Fabio Wardley vows to prove himself as ‘a real contender’ against Richard Lartey
Fabio Wardley has already been avoided by a former world heavyweight champion and reveals how a succession of British rivals shunned his offer for a fight.
The unbeaten 25-year-old had expected to face Lucas Browne, but the former WBA champion’s late withdrawal meant Wardley swiftly welcomed a high-risk shootout with Richard Lartey on the Conor Benn-Sebastian Formella bill on Saturday, live on Sky Sports.
Wardley tells Sky Sports about elusive domestic opponents, delivering spiteful knockouts, and his next title target…
Could Lartey be a bigger threat than Browne?
I think it’s definitely a more dangerous fight that I’ll get less credit for, but that’s the whole point of it. I’m there to test myself in the ring. Getting the nod from critics or boxing fans is a bonus, but ultimately I need to be in the ring with someone who is going to test me and really put it on me, and Lartey brings that.
You’ve seen what he’s done in there with other British fighters and he’s really challenged them, so it’s time to prove myself against him as well.
How did you react to Browne’s withdrawal?
I think he let the social media hype of everything get to him and really gave it the big ‘I am’ on social media.
He said he was going to do this and that. It was signed and sealed and it all felt a bit too real to him and he got cold feet and backed out of it.
Should we expect fireworks in the Lartey fight?
It’s going to be a massively explosive fight, because he brings nothing else. He’s not there to box and move or do anything slick or particularly stylish. He’s there to throw massive bombs and try and take you out.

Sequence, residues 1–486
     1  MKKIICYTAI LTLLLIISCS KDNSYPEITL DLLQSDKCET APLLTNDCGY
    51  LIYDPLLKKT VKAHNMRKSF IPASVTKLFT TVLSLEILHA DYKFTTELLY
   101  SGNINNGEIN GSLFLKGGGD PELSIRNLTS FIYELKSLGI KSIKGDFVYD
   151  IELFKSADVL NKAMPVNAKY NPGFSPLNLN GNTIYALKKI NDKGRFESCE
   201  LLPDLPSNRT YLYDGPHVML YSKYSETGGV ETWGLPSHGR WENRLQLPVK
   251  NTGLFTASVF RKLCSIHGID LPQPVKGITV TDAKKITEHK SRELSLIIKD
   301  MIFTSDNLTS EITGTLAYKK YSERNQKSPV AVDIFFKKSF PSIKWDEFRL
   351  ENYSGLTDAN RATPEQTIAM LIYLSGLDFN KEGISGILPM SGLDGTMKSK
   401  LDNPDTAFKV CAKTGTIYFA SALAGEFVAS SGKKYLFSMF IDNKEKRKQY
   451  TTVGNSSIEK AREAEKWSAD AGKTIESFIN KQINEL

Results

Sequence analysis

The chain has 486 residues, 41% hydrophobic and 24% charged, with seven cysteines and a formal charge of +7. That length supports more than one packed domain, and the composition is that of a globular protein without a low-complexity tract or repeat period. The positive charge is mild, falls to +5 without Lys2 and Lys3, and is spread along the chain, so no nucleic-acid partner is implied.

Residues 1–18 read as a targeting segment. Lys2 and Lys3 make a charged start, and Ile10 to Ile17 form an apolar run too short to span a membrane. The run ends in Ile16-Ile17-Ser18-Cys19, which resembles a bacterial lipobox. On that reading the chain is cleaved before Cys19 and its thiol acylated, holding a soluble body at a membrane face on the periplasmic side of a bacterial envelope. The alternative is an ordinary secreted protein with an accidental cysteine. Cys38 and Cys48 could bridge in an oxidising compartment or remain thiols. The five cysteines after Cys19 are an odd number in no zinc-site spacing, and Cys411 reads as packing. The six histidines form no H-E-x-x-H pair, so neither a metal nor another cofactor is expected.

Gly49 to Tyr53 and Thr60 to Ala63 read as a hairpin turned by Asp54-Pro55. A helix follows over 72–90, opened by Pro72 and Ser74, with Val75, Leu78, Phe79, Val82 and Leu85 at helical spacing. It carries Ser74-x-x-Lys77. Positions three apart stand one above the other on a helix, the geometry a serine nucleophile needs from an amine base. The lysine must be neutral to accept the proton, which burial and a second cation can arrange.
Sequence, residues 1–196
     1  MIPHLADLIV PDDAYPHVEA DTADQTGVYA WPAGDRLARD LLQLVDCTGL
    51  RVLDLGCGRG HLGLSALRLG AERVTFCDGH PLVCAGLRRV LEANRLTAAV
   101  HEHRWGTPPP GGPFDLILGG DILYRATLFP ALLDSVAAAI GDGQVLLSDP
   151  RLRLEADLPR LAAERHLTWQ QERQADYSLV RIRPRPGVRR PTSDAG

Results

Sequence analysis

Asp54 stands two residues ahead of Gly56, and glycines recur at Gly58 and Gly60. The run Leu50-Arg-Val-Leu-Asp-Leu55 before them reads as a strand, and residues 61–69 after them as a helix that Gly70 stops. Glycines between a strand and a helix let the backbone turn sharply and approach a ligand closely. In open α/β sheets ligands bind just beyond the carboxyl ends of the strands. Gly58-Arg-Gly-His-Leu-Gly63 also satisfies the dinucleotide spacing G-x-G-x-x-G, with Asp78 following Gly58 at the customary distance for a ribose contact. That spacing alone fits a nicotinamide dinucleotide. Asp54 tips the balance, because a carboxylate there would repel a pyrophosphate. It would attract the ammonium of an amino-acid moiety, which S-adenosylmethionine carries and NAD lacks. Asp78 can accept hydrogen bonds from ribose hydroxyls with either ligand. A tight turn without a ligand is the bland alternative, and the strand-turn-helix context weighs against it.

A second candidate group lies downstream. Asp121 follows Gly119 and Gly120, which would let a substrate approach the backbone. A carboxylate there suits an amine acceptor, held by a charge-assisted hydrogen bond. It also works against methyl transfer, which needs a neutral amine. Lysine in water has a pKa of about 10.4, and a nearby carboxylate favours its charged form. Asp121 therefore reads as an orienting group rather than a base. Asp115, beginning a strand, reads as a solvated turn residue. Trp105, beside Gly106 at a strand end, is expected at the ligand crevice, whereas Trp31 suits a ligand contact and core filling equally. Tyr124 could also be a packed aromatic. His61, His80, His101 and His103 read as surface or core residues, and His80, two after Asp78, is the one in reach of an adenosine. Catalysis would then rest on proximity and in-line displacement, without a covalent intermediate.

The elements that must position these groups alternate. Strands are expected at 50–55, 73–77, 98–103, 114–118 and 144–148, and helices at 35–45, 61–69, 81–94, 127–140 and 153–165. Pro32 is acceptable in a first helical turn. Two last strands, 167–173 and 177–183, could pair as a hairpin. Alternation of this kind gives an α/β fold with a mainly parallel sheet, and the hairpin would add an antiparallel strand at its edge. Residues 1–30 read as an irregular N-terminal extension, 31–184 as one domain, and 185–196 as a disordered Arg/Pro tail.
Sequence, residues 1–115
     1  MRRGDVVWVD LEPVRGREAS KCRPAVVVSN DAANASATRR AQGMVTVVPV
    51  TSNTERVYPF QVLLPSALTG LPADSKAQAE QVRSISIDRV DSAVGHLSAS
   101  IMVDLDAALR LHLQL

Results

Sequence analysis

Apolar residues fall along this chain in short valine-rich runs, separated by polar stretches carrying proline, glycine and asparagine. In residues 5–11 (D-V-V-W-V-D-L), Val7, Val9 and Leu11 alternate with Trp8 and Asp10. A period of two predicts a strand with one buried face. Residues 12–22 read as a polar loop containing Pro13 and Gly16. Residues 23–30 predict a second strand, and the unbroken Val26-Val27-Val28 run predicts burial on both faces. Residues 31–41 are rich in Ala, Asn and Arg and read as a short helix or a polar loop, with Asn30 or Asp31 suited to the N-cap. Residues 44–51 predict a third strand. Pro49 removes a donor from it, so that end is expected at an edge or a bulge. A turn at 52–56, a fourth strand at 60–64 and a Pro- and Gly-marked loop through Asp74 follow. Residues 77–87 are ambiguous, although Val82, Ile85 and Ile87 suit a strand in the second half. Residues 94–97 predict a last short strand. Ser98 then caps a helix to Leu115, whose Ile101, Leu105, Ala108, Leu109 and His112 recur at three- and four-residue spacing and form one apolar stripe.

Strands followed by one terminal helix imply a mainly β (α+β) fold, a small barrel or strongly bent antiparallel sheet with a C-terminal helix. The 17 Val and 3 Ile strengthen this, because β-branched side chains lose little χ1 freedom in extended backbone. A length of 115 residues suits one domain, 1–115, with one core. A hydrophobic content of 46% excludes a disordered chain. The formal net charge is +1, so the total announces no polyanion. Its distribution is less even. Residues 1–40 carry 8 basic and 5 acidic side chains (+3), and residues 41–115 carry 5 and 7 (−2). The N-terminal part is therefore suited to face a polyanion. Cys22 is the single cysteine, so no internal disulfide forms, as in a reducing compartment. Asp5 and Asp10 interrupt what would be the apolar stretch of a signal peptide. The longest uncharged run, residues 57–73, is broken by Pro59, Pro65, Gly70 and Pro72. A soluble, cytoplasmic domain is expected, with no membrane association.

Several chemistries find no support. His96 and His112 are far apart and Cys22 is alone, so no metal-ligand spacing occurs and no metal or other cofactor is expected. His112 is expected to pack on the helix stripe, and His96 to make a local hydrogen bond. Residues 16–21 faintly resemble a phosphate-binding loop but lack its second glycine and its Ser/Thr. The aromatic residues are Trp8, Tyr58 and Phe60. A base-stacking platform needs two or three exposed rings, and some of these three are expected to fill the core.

0:39 Wardley settled his war of words with Simon Vallily in ruthless style
I don’t expect anything less from him on the night. There’s going to be a few moments there where I need to put him in his place and meet fire with fire and show him that he’s not going to be the boss in the ring. Not just for him, but to show the people that haven’t seen that side of me yet that I can go toe-to-toe and come out better.
Will we see the spite you showed against Simon Vallily?
How many fights are you from a British title?
I’m in reaching distance. Two, possibly three fights away. It’s up to me really how quickly, or how slowly I want to move.
If I really wanted to go for it, I could do it in a fight or two.
Do your domestic rivals know all about you?
They do now. I think they are fully aware of what I can do. They are all aware that I bring something different. It’s easy to prepare for a lot of heavyweights because they are very one-dimensional in terms of their game. They are very big, they’re very strong and heavy-handed.
My name is out there now. It’s been in the mix for a while, because of sparring and things like that, but it’s been announced now properly on the right platform. They know of me and there’s a lot more to come from me.
Have you become an avoided man?
Yeah, I think it’s showing already. To get out on November 21 was such a nightmare in itself, because we offered me as an opponent to so many UK fighters and they turned it down.
There was even a point where Eddie [Hearn] was offering me as an opponent to some UK fighters, and they were saying no. But then the same people, he was offering them Dave Allen, and they were saying yes.
It’s clear that I am being avoided, for whatever reason. Maybe they feel like they need more time, or I’m difficult to prepare for. It’s showing already that I’m becoming avoided. If anything, it’s a compliment. It’s all part of the game. They can run but they can’t hide.
What can we expect on Saturday night?
It’s always for the KO. I’m always looking for it and as soon as it comes, I’m going for it. He’s been stopped before and he’ll be stopped again.